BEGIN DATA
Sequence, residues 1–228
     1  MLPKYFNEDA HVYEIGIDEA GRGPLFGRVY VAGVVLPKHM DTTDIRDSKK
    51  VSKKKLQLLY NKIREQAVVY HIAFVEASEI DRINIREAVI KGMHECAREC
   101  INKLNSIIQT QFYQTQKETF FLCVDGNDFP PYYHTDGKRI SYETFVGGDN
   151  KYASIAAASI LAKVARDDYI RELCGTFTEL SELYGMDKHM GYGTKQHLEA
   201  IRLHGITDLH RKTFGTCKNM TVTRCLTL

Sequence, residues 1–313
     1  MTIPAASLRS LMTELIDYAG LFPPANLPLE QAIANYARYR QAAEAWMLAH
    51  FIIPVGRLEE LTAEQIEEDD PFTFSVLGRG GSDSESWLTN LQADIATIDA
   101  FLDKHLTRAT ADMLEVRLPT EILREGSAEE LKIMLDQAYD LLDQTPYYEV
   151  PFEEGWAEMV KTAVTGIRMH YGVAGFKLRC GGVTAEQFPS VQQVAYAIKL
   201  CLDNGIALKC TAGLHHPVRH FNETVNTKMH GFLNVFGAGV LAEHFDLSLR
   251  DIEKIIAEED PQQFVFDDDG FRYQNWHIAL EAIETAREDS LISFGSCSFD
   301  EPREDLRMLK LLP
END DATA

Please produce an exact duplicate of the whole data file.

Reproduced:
Sequence, residues 1–228
     1  MLPKYFNEDA HVYEIGIDEA GRGPLFGRVY VAGVVLPKHM DTTDIRDSKK
    51  VSKKKLQLLY NKIREQAVVY HIAFVEASEI DRINIREAVI KGMHECAREC
   101  INKLNSIIQT QFYQTQKETF FLCVDGNDFP PYYHTDGKRI SYETFVGGDN
   151  KYASIAAASI LAKVARDDYI RELCGTFTEL SELYGMDKHM GYGTKQHLEA
   201  IRLHGITDLH RKTFGTCKNM TVTRCLTL

Sequence, residues 1–313
     1  MTIPAASLRS LMTELIDYAG LFPPANLPLE QAIANYARYR QAAEAWMLAH
    51  FIIPVGRLEE LTAEQIEEDD PFTFSVLGRG GSDSESWLTN LQADIATIDA
   101  FLDKHLTRAT ADMLEVRLPT EILREGSAEE LKIMLDQAYD LLDQTPYYEV
   151  PFEEGWAEMV KTAVTGIRMH YGVAGFKLRC GGVTAEQFPS VQQVAYAIKL
   201  CLDNGIALKC TAGLHHPVRH FNETVNTKMH GFLNVFGAGV LAEHFDLSLR
   251  DIEKIIAEED PQQFVFDDDG FRYQNWHIAL EAIETAREDS LISFGSCSFD
   301  EPREDLRMLK LLP